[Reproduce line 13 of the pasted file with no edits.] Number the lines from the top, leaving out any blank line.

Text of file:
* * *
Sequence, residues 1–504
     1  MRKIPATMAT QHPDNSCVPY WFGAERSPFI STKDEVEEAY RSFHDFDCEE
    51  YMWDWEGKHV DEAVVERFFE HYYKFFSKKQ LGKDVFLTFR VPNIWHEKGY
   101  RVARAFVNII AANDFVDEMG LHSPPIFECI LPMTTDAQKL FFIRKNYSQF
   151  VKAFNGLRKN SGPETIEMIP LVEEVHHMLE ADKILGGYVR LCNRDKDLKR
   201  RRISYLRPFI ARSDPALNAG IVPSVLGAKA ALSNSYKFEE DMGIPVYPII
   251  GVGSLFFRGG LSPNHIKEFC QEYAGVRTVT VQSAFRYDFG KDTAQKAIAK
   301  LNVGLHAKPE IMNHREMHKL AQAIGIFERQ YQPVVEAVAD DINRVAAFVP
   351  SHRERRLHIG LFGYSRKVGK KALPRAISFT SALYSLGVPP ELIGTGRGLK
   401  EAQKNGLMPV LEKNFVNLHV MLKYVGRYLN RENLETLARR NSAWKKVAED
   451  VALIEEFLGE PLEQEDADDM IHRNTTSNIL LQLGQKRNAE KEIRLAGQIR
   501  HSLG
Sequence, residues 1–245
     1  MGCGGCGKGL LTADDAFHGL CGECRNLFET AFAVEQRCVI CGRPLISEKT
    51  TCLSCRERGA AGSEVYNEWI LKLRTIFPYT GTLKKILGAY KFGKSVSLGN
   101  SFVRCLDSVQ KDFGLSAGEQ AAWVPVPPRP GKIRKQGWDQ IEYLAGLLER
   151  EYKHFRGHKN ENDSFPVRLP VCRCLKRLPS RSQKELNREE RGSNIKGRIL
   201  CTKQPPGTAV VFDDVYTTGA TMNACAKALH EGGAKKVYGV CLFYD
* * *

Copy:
Sequence, residues 1–245